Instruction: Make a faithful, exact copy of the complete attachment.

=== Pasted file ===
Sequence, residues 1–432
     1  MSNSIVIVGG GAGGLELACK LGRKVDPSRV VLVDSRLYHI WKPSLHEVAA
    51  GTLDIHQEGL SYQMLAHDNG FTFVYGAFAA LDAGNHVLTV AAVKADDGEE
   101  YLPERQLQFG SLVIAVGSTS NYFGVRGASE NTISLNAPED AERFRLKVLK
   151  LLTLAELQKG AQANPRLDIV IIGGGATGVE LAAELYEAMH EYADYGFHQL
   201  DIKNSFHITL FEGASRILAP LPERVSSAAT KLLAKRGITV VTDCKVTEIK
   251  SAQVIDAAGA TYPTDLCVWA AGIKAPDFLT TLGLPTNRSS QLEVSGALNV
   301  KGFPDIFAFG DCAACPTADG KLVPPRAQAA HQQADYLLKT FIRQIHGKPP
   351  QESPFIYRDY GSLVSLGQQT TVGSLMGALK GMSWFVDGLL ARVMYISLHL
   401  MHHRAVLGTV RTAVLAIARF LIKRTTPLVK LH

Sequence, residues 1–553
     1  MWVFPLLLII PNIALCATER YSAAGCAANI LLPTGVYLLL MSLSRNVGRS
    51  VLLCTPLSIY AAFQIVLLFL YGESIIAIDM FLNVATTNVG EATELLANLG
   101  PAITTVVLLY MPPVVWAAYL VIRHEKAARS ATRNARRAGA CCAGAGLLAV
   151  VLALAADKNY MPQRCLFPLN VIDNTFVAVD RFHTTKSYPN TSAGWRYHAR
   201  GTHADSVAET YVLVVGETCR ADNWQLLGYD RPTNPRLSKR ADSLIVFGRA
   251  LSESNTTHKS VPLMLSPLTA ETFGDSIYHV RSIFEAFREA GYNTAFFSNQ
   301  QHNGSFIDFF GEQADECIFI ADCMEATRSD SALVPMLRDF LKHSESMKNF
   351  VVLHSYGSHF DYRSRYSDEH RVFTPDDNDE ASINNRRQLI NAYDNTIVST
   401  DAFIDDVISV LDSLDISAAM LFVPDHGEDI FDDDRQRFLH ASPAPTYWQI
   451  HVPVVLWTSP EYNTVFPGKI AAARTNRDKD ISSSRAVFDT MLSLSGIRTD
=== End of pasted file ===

Sequence, residues 1–432
     1  MSNSIVIVGG GAGGLELACK LGRKVDPSRV VLVDSRLYHI WKPSLHEVAA
    51  GTLDIHQEGL SYQMLAHDNG FTFVYGAFAA LDAGNHVLTV AAVKADDGEE
   101  YLPERQLQFG SLVIAVGSTS NYFGVRGASE NTISLNAPED AERFRLKVLK
   151  LLTLAELQKG AQANPRLDIV IIGGGATGVE LAAELYEAMH EYADYGFHQL
   201  DIKNSFHITL FEGASRILAP LPERVSSAAT KLLAKRGITV VTDCKVTEIK
   251  SAQVIDAAGA TYPTDLCVWA AGIKAPDFLT TLGLPTNRSS QLEVSGALNV
   301  KGFPDIFAFG DCAACPTADG KLVPPRAQAA HQQADYLLKT FIRQIHGKPP
   351  QESPFIYRDY GSLVSLGQQT TVGSLMGALK GMSWFVDGLL ARVMYISLHL
   401  MHHRAVLGTV RTAVLAIARF LIKRTTPLVK LH

Sequence, residues 1–553
     1  MWVFPLLLII PNIALCATER YSAAGCAANI LLPTGVYLLL MSLSRNVGRS
    51  VLLCTPLSIY AAFQIVLLFL YGESIIAIDM FLNVATTNVG EATELLANLG
   101  PAITTVVLLY MPPVVWAAYL VIRHEKAARS ATRNARRAGA CCAGAGLLAV
   151  VLALAADKNY MPQRCLFPLN VIDNTFVAVD RFHTTKSYPN TSAGWRYHAR
   201  GTHADSVAET YVLVVGETCR ADNWQLLGYD RPTNPRLSKR ADSLIVFGRA
   251  LSESNTTHKS VPLMLSPLTA ETFGDSIYHV RSIFEAFREA GYNTAFFSNQ
   301  QHNGSFIDFF GEQADECIFI ADCMEATRSD SALVPMLRDF LKHSESMKNF
   351  VVLHSYGSHF DYRSRYSDEH RVFTPDDNDE ASINNRRQLI NAYDNTIVST
   401  DAFIDDVISV LDSLDISAAM LFVPDHGEDI FDDDRQRFLH ASPAPTYWQI
   451  HVPVVLWTSP EYNTVFPGKI AAARTNRDKD ISSSRAVFDT MLSLSGIRTD